Since I’ve been paying lip service to tearooms lately, I thought I’d finally tell a story I’ve been meaning to for a long time. That tea tale being about a teashop I frequent regularly, but haven’t covered extensively on this blog. It’s a place I visit about as religiously as I do Smith’s, and I support them fully for one reason in particular. They are one of the few tea places that strike a near-perfect balance between blended/flavored teas and small batch, single origin offerings. Plus, their origin story is adorable. I – of course – am talking about the husband-‘n-wife op, The Jasmine Pearl Tea Merchants.
The inkling to start a teashop first occurred to Chuck Bauman and Heather Agosta (the hubby-wifey team) on a 2002 trip to Spain. Both had quit their respective jobs and chose to gallivant around the globe for a spell. One such stop was the small region of La Coronada, where Chuck’s parents owned a house. While there, they were inspired by a small “teteria” (teashop) they visited, as well as blends in the region that used native herbs.
Upon returning to Portland, they began seriously discussing the idea. Originally, they wanted to open a teashop specializing in single origin teas, but they both felt they lacked the know-how to launch one. Instead, they decided to go the wholesale route. The name for the start-up occurred to them after a period of brainstorming. (At one point, even “Tea Brothel” was discussed as a potential name. I would totally visit a tea brothel. )
Eventually, The Jasmine Pearl stuck, due to Chuck’s fondness for the strongly, floral-scented blend. It was the first one he was introduced to that truly grabbed him. Oddly enough, the domain and name weren’t taken – not even by Chinese companies at the time. They officially launched the wholesale end of their business in 2004.
I personally met Heather Agosta through a mutual friend in 2006. Around the same time, I caught her husband’s name mentioned at just about every tea place I went to when I asked for something completely esoteric.
“Do you have [insert weird tea name here]?” I would ask.
“Oh, that? No.” Would be the common reply. “You should speak to Chuck.”
It was like he was some shadow-veiled tea wizard or something.
In 2010, they moved their base of operations from the basement of their house to an actual brick-‘n-mortar store. And I’ve been a permanent staple there ever since.
While it was a difficult drive from my berg; it was well worth it. Since they did their own custom-blending in-house, the shop always smelled like an herbarium. Plus, they blended and brewed one of the best Earl Greys in Portland. I think I’ve lost track of the number of times I went in this summer for an Earl on ice.
Blends of awesomeness aside, what I really wanted to emphasize was there commitment to small batch, single origin teas. Since opening their shop, they’ve made it a point to carry a fair amount of eso-“tea”-ric offerings for the more discerning palate. One of the first Yunnan Golden Needles I ever lusted after was through them.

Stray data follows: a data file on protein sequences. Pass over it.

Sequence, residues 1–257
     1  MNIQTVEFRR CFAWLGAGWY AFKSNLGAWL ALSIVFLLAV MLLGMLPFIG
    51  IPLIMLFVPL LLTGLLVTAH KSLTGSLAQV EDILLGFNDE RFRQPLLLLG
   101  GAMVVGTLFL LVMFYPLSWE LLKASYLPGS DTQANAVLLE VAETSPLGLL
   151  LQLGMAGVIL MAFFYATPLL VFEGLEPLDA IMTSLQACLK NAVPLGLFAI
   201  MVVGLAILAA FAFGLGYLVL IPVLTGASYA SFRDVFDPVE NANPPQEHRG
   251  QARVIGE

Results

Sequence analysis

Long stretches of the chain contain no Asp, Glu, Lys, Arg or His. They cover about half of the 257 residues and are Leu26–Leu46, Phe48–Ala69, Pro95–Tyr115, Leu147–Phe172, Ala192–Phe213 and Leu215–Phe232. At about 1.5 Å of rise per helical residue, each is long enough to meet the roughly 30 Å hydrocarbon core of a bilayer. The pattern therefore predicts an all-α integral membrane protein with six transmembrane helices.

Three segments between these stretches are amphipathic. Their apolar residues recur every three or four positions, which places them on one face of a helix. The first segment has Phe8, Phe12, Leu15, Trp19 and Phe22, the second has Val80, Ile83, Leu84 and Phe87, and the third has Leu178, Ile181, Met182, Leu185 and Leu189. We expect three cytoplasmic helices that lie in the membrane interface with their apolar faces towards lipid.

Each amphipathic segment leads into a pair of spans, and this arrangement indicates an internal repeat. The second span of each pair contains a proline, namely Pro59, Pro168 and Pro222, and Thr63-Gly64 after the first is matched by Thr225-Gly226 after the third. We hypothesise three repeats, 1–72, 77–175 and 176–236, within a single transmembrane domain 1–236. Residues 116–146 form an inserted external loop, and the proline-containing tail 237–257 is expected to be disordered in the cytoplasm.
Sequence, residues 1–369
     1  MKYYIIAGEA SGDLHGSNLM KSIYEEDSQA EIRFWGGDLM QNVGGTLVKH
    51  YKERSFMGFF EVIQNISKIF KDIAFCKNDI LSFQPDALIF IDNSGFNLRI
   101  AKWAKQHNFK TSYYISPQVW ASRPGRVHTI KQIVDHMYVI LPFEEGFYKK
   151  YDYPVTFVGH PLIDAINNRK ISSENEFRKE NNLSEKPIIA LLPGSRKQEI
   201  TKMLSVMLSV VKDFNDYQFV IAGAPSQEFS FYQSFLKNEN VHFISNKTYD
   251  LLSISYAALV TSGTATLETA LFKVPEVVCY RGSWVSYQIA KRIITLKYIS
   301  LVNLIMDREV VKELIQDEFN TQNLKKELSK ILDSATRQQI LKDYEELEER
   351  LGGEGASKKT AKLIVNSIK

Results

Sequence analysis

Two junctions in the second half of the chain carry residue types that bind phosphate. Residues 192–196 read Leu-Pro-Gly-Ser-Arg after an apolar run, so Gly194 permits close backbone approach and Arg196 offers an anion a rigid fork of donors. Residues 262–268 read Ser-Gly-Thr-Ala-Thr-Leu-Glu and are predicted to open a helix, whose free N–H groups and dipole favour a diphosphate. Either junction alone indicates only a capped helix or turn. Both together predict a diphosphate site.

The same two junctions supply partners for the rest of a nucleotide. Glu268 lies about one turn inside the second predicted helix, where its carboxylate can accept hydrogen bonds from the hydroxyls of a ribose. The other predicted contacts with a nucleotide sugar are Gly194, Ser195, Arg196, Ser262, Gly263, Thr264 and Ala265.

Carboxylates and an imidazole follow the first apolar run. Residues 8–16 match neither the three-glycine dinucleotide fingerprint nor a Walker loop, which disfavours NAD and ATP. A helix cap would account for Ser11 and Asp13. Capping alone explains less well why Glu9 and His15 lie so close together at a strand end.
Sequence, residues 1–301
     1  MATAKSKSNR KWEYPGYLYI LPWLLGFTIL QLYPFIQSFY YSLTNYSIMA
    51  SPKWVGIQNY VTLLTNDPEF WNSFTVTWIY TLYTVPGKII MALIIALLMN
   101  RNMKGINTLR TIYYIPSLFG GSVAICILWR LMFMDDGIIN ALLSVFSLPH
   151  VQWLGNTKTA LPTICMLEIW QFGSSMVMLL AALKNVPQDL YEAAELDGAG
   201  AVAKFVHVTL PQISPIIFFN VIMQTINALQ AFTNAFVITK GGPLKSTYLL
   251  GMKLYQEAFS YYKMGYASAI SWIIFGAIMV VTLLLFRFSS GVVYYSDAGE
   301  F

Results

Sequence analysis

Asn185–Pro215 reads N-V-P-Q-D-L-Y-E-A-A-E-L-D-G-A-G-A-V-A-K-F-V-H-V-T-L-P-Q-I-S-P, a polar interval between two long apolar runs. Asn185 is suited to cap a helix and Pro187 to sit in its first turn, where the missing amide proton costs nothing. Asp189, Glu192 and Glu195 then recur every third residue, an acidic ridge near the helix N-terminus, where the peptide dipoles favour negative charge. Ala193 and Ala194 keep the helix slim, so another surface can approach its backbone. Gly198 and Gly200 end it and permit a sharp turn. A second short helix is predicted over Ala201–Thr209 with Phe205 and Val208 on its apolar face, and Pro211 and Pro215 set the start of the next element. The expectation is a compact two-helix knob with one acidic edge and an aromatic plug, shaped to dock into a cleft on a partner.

However, even before their retail space, they dabbled with the weirder side of tea. They carried pu-erh tongs as early as ’04. Well before “the pu-erh bubble” came and burst. The first “sticky rice” tuo cha I ever sampled was one of theirs. More recently, they even began carrying their own Jasmine Pearl-branded pu-erh cakes. I tried the Dehong Ye Sheng, and it was…to die for. Especially for a young sheng. Still need to pick one up.
A second, more recent item that grabbed my attention was the addition of their first yellow tea. It was from a private grower, and it was done in a style that was completely unique. I had the pleasure of sampling it before it went on the market. It was neither a Jun Shan Yinzhen, nor a Huang Ya. The name that was given to it described it perfectly – Yellow Mu Dan. Seriously, it was a yellow tea with white tea traits, if you – fair reader – can imagine such a thing.
A bit of an aside: At World Tea Expo this June, Chuck and Heather were the first people I ran into on the show floor. On the second day of the event, the following occurrence happened:
I was wearing my “Pot Head” tea-shirt, one I purchased from The Jasmine Pearl. It is an epic shirt. Grabs attention every time I wear it.
When I was wandering around, I heard Heather behind me, “That’s a nice shirt. I wonder where you got it?”
Within minutes, four people came up literally begging me for info about the shirt. I had to point at Chuck and Heather to handle further inquiries.
As I write this, I’m currently on steep…oh…seven of an aged, charcoal-roasted Dong Ding – eleven years old.
The notes are hickory, slightly coffee-like, and strangely medicinal. The latter trait being a common occurrence in decade(s)-old Taiwanese oolongs. Such items aren’t that easy to come by, yet I was able to “yoink!” some from The Jasmine Pearl. It’s nice to know there’s a place nearby that’s “wise” enough to cater to eccentrics like me.